For the first time in my almost-50-years of life, Christmas 2016 brought me a gift of food, that is, the classic “Christmas Gift Basket” that is sort of a traditional thing hereabout as a “family gift”.
I mean, I usually get books, music, maybe a scarf or a pair of mittens.
But a food basket?
In this case, it was my uncle, that hit me and my brother with a huge selection of fine traditional Italian treats that will cover all our needs for the New Year’s Eve four-course dinner with assorted associated extras. And then we’ll recycle the basket, and use it for our laundry.
And it was not the only gift of food we received: there’s a metal box full of home-made cookies that’s been keeping us happy at tea time for days, now. And then we’ll recycle the metal box to store paid bills.
Which gives me a good starting point for a somewhat more serious reflection on this Christmas in particular, and maybe more general things.
The point is, just like Journey used to sing, we must be good to ourselves.
In the last two weeks I’ve been reading lots of posts on blogs and on various social media, about people tired of Christmas, about the festivity being boring and hateful and devoted to consumerism and what not.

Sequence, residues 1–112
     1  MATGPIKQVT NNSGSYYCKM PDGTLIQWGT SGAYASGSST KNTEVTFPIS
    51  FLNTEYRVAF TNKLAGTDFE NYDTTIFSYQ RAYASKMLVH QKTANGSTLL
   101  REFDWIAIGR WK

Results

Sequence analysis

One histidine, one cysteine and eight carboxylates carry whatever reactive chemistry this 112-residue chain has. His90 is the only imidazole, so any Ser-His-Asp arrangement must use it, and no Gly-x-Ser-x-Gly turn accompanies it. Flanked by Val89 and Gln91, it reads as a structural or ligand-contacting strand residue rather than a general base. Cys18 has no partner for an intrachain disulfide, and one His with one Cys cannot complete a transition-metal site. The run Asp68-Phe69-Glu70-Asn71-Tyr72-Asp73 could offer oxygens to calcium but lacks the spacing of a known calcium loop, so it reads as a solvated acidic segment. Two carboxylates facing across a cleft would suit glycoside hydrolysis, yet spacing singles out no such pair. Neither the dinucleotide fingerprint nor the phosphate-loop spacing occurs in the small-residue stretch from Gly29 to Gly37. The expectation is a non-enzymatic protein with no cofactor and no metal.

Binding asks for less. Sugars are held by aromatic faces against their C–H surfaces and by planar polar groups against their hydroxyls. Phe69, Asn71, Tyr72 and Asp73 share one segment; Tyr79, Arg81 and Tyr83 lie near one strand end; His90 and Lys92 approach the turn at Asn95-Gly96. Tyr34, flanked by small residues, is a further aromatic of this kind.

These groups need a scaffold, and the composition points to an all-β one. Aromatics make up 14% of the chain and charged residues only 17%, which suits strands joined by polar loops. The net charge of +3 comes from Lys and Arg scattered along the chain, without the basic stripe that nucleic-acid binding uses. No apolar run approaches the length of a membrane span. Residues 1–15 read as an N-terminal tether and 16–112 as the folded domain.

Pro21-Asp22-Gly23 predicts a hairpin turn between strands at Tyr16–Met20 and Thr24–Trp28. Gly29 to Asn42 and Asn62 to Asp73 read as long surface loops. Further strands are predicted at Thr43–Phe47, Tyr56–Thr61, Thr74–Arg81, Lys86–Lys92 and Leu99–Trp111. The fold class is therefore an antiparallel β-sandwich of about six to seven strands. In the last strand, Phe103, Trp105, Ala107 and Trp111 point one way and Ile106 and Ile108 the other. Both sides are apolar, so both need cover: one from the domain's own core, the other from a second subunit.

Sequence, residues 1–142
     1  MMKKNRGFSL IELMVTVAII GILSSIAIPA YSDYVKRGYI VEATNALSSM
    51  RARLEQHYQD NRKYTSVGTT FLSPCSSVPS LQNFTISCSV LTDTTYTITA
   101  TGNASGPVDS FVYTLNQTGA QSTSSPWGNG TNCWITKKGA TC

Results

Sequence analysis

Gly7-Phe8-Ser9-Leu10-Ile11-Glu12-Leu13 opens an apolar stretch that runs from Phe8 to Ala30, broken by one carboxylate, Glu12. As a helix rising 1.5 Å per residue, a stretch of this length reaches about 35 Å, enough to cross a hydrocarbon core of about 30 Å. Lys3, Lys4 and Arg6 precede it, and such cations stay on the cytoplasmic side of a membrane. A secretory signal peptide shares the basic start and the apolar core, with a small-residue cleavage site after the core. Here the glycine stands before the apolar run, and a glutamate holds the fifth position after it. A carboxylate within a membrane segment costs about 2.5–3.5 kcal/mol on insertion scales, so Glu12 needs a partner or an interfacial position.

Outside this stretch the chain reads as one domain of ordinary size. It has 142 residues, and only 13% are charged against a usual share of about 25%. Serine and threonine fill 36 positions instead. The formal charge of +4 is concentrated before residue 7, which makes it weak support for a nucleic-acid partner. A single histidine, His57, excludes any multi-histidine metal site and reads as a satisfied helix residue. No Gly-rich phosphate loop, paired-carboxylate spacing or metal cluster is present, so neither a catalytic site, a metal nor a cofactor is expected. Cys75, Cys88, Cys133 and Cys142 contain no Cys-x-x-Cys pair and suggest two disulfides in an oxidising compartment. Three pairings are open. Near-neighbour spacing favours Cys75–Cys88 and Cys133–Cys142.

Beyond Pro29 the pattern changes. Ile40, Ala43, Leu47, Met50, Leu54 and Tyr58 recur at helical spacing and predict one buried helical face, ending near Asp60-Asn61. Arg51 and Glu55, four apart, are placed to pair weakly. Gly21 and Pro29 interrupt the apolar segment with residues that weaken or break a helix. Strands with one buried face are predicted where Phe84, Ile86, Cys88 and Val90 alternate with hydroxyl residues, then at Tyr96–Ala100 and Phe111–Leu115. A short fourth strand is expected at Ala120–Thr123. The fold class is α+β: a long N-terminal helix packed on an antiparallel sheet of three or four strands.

And while I think that a lot of these people are posers trying to act cynical and blasé, I do know a lot of people for whom the Christmas days will be heavy.
And this is the reason why we should try and be good to ourself: slow down, share some food. There is no simpler and powerful sign of friendship than sharing food – something we tend to forget. And yet, we grew up as a species in bands of hunters, in which we watched each others back, and we collaborated and shared food we had a very hard time catching.
And yes, I do find rather boring both religious fanatics complaining about pagan festivals and consumerism and schoolyard cynics complaining about religious festivals and consumerism.
Granted, a lot of people are being obsessed by things right now.
But maybe it has not be like that.
Maybe it’s enough to take the opportunity offered by the season’s festivities, and let go for a while. Sit back, relax, have some fun.
Be good to ourselves, and those around us.
So this is my wish for you, ladies and gentlemen out there: that you find today time to stop, relax and unwind, and that you have somebody to share your dinner with.
And even if you are sitting alone in a dark room, try and make it special.
Eat a piece of chocolate, brew some good coffee or tea, set yourself up a nice dinner.
Be good to yourself.
(and yes, Clare, I know this is not a traditional Christmas tune – but, you know… 😉 )